Last week, for my birthday, I traveled to Baltimore. I know. It sounds like such an odd vacation destination. I have never had, let alone anyone else, expressed the desire to visit the place. It was never on my radar of places to go when there are so many other places to see first. Baltimore was never high on list.
However, I went to Baltimore. At the Baltimore Museum of Art, there was an exhibition on the art of John Waters called “Indecent Exposure.” I wanted to see that, and I was not sure if it was going to tour. I like to travel for my birthday and, out of curiosity, checked on airfare prices. They were less than $100 and even then, I was still hemming and hawing about going to Baltimore. Couldn’t I use that money for some place more exciting? When a friend offered to travel with me, I decided to go. And having done that, I never need to go again.
The exhibition was fantastic. It featured portraits, statues, and chromogenic prints related to Waters’ own work, inspirations, and general fascinations. It was subversive, and quite sincere in its execution. It was everything I wanted and more. I cannot recommend it more highly if comes to a museum near you. Though, I cannot say the same for the rest of Baltimore.
My friend Amelia and I walked around a lot of places, saw different neighborhoods, and had a pretty comprehensive exploration of Baltimore. And, frankly, Baltimore is really awful. This, of course, should not have surprised me. Waters, in his films, has commented on the trashiness of Baltimore with fond recollection. The seedy and trashy aspects of Baltimore inspired his outlook and cemented his unique vision as an auteur. And he is sincere about it. There is no irony in his work. He loves Baltimore and all of its trashiness.
I just could not say the same for myself and neither could Amelia. Walking from place to place, there was just a lot of trash, dilapidated buildings, and an aesthetic that neither of us could pinpoint. We were solicited for drugs on our way to Edgar Allen Poe’s grave and we, mistakenly, walked right through the worst neighborhood in the city. Now, I may hear responses like “But, Bradley, all cities are dirty and filled with trash. But there are nice areas too.” I know that. I live in a city much larger than Baltimore and one with a bigger reputation for crime and violence (although incorrectly attributed). I know what cities are like. And Amelia and I did venture out to the nicer neighborhoods as well, but Baltimore is still awful.
Here are two of my favorite anecdotes from touring the city. After we leave the Baltimore Museum of Art, Amelia and I walk two miles to the Green Mount Cemetery to find the graves of John Wilkes Booth and Elijah Bond, the creator of the Ouija Board. We walk through a neighborhood that was obviously lower class and a bit rundown, but we were fine with it. We live in Chicago and are used to these things. We get to the cemetery and tour the grounds which are beautiful and stunning and filled with foxes.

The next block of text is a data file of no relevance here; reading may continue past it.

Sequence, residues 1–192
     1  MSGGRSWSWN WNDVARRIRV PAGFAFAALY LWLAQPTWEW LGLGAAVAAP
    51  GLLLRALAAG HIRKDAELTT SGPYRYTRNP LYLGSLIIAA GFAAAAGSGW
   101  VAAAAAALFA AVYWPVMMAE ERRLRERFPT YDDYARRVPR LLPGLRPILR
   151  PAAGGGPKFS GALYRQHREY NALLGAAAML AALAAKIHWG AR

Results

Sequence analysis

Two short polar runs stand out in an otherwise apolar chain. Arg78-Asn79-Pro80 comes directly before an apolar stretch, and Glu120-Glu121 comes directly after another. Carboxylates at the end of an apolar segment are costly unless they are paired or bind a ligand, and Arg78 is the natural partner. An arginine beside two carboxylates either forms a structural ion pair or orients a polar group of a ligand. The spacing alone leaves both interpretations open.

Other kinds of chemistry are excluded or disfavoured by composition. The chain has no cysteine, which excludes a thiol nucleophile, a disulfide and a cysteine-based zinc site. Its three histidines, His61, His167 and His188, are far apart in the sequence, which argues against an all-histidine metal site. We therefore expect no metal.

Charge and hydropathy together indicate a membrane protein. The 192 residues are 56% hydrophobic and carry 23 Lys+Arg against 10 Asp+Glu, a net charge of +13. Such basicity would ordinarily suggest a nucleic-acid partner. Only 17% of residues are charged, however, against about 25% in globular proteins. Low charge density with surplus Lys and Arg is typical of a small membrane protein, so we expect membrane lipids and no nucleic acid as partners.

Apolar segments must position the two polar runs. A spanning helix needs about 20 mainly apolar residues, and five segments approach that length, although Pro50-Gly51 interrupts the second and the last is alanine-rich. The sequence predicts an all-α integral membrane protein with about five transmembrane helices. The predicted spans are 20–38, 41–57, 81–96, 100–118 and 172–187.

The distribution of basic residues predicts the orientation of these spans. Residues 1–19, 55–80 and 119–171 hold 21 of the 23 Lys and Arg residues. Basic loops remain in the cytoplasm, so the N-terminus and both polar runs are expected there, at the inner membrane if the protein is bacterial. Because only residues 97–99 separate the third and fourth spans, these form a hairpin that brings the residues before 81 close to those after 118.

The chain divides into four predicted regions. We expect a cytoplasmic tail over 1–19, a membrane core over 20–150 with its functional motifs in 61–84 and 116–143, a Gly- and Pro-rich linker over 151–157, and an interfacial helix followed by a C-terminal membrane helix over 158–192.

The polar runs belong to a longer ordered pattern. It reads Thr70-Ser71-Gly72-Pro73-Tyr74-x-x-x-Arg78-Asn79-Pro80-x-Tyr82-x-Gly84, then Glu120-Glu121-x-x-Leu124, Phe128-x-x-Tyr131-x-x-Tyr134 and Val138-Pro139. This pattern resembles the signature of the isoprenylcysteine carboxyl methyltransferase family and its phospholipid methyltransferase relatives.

When we leave, Amelia does not want to walk again so I ordered a Lyft. As soon as we get into the car, the driver says “What the hell are you doing out here? Do you live here?” We explained that were just visiting as tourists and he says “What the hell were you touring? What is there to see here?” We told him about the cemetery and other aspects of our trip. He then tells us we were one street away from being in the most violent neighborhood in the city and was legitimately afraid for us. He said he almost cancelled the order before picking us up.
My other favorite anecdote was at the gate to board the plane to get back to Chicago. A woman in her early 20s was ahead of Amelia and I, and she turned around and said she recognized us from the flight to Baltimore two days earlier. Turns out we had the exact same round-trip flight. We asked what she was in town for and she told us she came to interview for a job. I followed-up asking her what she thought of the city. She grimaced, looked down a quick second, and then said, “If they offer me the job, I am going to decline.” Baltimore is so awful that a young woman trying to jump start her career would not move there.
I’m sure Baltimore can be charming and has a lot to love about it. People willingly live there, so it cannot be all that bad. I’m just saying I have no desire to ever return for any reason whatsoever.
Waters’ most successful film was Hairspray. Released in 1988, it is an ode to the teen dance shows that aired in Baltimore when Waters was a kid. Hairspray is the story of Tracy Turnblad, an overweight teenage girl, who pursues local stardom as a dancer on one of these shows. The film tackles the issue of racial segregation as Tracy fights to have these dance programs desegregate and becomes a local hero.
In 2002, a musical based on the film debuted and went to win the Tony Award for “Best Musical” in 2003. A film adaptation of the musical was released in 2007 starring John Travolta, Michelle Pfeiffer, Christopher Walken, and Nikki Blonsky as Tracy. The musical would then air in 2016 for a live on-air adaptation.
Waters’ original film was surprising since it was released with a “PG” rating when most of his earlier works were “X.” Since then, through the musical adaptations, it has become his most famous work, this lasting ode to 1960s Baltimore.
“Good Morning, Baltimore” is the musical’s opening number. Performed by Nikki Blonsky in the 2007 film adaptation, Tracy sings about all the things she experiences in the city on her way to school. It celebrates the dirt, grime, and trash of Baltimore with Tracy even hitching a ride with the garbage man and getting flashed by creep, Waters’ cameo in the film. The song is a recognition of the Baltimore’s flavor, the same one that inspired him but repelled me. I guess I have to appreciate the city’s character if it influenced John. It worked for him, but not for me. I’ll just visit the city through his films from now on.